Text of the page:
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Abolish the Party Whip

Comment 2nd July 2010

Abolish the post and concept of the party whip, and replace it with the concept that political parties may inform members of their official position, but that it should be as unthinkable to instruct an MP how to vote as it would be to instruct someone how to vote in an election.

The replacement of division with a secret ballot (eg by black and white balls) may be useful, though a public vote would serve the MP's accountability to their constituents.

A variation on this latter might be to retain division as a public declaration of intent, but for the actual vote to be by secret ballot, perhaps in  the division rooms.

Why does this matter?

Members of Parliament are supposed to represent the interests and opinions of their constituents, and should vote in accordance with these principles, and their conscience.

With the growth of the Party Whip system in the last century, this has been replaced with a system whereby on any important issue, and many unimportant, their vote is dictated by central office, on pain of censure or punishment.

The "free vote" which should be the basis of the functioning of Parliament has become so rare as to be news-worthy, particularly on any contentious issue.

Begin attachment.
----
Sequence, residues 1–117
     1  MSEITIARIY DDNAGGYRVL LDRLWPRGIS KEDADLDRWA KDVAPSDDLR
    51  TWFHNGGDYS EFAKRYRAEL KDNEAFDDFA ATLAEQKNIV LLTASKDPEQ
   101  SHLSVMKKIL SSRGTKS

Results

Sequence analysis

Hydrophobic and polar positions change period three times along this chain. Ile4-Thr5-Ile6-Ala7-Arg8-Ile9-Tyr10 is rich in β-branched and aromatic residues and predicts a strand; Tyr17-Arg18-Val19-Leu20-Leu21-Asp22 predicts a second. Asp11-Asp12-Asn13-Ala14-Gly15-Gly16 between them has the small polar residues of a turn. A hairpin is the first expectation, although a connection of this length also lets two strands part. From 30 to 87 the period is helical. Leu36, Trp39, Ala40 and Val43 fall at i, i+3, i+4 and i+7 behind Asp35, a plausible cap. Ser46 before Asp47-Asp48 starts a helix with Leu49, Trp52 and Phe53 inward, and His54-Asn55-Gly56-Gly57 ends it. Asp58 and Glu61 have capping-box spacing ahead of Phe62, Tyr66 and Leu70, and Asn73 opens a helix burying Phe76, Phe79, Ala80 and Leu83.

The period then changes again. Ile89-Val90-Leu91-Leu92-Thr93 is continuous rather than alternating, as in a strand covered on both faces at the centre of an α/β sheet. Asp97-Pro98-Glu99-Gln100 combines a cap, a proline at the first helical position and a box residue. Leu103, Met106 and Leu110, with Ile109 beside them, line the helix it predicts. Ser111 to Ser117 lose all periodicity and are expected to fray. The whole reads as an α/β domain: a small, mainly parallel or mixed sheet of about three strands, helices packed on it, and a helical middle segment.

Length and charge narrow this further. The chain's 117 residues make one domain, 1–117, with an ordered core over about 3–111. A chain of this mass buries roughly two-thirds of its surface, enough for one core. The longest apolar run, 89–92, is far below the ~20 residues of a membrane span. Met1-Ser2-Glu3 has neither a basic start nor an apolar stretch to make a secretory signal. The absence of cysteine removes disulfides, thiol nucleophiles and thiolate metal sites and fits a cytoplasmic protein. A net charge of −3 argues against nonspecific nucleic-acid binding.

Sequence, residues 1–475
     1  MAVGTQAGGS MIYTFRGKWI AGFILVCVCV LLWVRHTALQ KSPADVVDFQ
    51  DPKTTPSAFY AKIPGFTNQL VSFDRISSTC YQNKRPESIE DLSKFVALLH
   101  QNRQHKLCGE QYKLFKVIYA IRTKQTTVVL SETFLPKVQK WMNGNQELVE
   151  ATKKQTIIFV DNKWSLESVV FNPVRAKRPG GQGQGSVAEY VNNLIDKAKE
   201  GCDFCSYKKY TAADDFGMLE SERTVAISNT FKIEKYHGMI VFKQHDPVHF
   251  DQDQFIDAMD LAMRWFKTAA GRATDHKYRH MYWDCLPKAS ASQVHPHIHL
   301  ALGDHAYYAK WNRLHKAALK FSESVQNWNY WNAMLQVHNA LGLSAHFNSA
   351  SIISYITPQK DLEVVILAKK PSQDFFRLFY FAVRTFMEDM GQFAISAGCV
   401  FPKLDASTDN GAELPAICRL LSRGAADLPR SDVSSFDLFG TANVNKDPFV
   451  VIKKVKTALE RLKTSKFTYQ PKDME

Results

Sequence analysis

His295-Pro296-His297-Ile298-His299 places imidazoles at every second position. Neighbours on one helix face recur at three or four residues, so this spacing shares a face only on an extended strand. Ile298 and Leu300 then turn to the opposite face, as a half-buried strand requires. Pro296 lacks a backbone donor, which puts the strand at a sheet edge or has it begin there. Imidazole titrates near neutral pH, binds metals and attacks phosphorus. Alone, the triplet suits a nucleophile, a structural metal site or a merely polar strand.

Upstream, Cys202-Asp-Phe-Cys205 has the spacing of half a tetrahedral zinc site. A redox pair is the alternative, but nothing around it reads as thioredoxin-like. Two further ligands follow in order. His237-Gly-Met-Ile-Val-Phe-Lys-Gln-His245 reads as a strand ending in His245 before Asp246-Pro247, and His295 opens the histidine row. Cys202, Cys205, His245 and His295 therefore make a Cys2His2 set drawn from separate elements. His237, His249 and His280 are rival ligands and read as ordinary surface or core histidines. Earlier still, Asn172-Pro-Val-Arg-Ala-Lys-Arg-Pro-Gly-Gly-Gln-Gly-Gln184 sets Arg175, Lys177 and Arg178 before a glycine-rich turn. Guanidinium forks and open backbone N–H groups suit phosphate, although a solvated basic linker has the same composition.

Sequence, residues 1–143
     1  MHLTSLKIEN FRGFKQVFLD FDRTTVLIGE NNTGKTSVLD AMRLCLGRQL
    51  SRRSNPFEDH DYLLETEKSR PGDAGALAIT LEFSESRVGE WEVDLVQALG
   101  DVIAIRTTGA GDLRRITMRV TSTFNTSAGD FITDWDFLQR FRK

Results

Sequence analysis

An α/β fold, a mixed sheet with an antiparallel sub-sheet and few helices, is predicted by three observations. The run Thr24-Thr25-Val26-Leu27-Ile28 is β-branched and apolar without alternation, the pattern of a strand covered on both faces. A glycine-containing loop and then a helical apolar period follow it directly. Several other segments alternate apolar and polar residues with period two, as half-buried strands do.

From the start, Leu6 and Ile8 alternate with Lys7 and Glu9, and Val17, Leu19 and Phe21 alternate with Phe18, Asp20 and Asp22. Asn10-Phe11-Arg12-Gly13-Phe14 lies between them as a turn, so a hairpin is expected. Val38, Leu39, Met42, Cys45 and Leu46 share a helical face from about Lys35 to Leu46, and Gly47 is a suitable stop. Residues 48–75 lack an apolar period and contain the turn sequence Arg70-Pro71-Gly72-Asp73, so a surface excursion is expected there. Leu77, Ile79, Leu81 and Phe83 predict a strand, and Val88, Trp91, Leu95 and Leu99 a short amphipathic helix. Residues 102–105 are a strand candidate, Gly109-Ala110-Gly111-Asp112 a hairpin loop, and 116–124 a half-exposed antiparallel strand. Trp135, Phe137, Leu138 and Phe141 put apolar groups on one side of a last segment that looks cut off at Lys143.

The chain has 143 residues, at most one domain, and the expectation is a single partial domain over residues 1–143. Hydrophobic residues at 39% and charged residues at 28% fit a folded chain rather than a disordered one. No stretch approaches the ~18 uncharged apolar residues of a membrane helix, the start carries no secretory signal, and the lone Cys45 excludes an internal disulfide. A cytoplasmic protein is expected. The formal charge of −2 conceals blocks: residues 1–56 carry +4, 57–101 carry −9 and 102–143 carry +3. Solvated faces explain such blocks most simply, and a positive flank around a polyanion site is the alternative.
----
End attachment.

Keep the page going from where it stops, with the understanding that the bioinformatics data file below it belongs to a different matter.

This has replaced , in many cases, the will of the people with the will of the goverment, and led to abuses such as the Digital Economy Act: Instead of well thought out legislation, with convincing arguments for its necessity, the Government can simply ignore democracy, and ram through unconstitutional laws.

This needs to change. If Parliament is to regain its place as the Mother of Democracy, then it must be making law, not deciding the fine detail of how it will carry out the Government's orders.

The divine right of kings (or Prime Ministers) died with King Charles. The Government should lead by reasoned argument, not by fiat. It should administer the will of Parliament, not use Parliament to administer its will.

A simple start to this would be to declare that parties may advise, may reason, may even beg, but may not instruct. MPs must be members of Parliament first, and of parties second.

Every vote should be free.

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